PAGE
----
50 killed as US plane crashes into house

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The Independent US

A commuter plane crashed into a house while coming in to land in New York state, sparking a fiery explosion that killed 49 people on board and one person on the ground.





It was the first fatal crash of a commercial airliner in the US in 2.5 years.



Witnesses heard the twin turboprop aircraft sputtering before it went down in light snow and fog around 10.20pm local time yesterday. Flames silhouetted the shattered home after Continental Connection Flight 3407 plummeted into it around about five miles from Buffalo Niagara International Airport.



"The whole sky was lit up orange," said Bob Dworak, who lives less than a mile from the crash site. "All the sudden, there was a big bang, and the house shook."



The 74-seat Q400 Bombardier aircraft, operated by Colgan Air, was flying from Newark Liberty International Airport in New Jersey and preparing to land at Buffalo Niagara International Airport.



A spokeswoman for the Department of Homeland Security in Washington, said there was no indication terrorism was involved.



"All indications are that this was an air-safety event," said spokeswoman Amy Kudwa.



The National Transportation Safety Board said it was sending a team of crash investigators to Buffalo early today.



Hours after the crash, the task of retrieving remains had not yet begun. Clarence emergency control director Dave Bissonette called it "still a hot scene."



"It basically drove right into the top of the house from my perspective," Bissonette said. "I'm no expert on re-creation, but it landed on the house, clearly a direct hit."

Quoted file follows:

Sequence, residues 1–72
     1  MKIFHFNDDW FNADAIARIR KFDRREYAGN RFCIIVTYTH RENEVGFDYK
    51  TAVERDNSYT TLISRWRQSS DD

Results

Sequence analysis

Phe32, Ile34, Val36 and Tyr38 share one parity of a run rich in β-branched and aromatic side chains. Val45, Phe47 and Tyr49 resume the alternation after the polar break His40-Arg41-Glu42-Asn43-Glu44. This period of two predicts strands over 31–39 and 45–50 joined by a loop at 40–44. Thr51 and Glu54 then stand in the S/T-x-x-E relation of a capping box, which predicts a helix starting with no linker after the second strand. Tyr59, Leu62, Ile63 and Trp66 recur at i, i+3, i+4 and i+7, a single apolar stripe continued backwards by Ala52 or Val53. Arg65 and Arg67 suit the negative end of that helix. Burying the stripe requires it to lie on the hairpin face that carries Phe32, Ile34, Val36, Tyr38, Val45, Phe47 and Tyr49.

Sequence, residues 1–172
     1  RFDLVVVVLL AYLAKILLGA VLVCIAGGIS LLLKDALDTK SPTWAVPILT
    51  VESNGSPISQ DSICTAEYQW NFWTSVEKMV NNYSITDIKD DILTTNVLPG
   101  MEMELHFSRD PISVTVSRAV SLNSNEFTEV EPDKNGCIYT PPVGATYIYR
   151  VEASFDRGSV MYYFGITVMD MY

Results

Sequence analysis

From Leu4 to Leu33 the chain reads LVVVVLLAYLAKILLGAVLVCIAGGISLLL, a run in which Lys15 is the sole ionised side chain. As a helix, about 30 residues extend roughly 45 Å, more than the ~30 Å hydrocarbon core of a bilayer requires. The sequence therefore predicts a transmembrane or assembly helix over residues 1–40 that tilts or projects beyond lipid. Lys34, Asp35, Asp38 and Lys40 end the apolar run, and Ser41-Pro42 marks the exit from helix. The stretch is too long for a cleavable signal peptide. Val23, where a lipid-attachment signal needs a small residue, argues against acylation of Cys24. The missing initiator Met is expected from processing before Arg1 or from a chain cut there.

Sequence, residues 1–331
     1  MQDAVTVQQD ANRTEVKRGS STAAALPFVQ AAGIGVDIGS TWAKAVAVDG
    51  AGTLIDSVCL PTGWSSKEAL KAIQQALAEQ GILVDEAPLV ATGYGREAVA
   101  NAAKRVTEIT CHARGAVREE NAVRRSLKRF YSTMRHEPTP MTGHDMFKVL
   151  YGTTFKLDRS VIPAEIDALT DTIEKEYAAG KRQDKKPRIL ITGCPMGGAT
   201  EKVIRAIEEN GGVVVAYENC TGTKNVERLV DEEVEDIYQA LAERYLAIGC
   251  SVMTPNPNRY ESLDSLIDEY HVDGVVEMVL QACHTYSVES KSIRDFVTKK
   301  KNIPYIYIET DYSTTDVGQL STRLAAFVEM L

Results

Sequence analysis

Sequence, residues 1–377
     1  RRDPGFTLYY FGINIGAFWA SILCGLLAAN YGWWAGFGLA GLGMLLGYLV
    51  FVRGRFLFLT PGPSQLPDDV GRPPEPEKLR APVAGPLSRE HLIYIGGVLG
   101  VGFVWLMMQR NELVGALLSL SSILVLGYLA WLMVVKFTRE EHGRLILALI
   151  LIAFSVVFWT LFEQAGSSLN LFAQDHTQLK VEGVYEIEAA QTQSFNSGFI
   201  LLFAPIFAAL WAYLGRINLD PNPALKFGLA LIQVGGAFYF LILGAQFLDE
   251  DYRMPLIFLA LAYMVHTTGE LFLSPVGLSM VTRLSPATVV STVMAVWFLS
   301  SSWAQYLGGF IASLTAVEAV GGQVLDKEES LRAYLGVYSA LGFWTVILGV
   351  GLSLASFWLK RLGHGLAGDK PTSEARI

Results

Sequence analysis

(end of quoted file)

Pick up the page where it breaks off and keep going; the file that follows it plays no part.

Prior to the crash, the voice of a female pilot on Continental Flight 3407 could be heard communicating with air traffic controllers, according to a recording of the Buffalo air traffic control's radio messages shortly before the crash captured by the website www.liveatc.net.



Neither the controller nor the pilot showed any concerns that anything was out of the ordinary as the airplane was asked to fly at 2,300 feet.



A minute later, the controller tried to contact the plane but heard no response. After a pause, he tried to contact the plane again.



Eventually he told an unidentified listener to contact authorities on the ground in the Clarence area.



"You need to find if anything is on the ground," the controller said. "All I can tell you is the aircraft is over the marker (landing beacon), and we're not talking to them now."



After the crash, at least two pilots are heard saying they have been picking up ice on their wings.



"We've been getting ice since 20 miles south of the airport," one said.



While residents of the neighbourhood where the plane went down were used to planes rumbling overhead, witnesses said this one sounded louder than usual, sputtered and made some odd noises.



Neighbour David Luce said he and his wife were working on their computers when they heard the plane come in low.



"It didn't sound normal," he said. "We heard it for a few seconds, then it stopped, then a couple of seconds later was this tremendous explosion."